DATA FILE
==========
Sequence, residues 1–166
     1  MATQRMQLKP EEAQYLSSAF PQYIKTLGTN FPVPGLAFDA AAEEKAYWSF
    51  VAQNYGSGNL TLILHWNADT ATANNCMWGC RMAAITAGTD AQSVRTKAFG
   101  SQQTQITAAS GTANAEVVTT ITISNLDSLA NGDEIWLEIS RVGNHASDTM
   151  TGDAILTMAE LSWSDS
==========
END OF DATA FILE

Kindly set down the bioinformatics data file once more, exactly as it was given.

Sequence, residues 1–166
     1  MATQRMQLKP EEAQYLSSAF PQYIKTLGTN FPVPGLAFDA AAEEKAYWSF
    51  VAQNYGSGNL TLILHWNADT ATANNCMWGC RMAAITAGTD AQSVRTKAFG
   101  SQQTQITAAS GTANAEVVTT ITISNLDSLA NGDEIWLEIS RVGNHASDTM
   151  TGDAILTMAE LSWSDS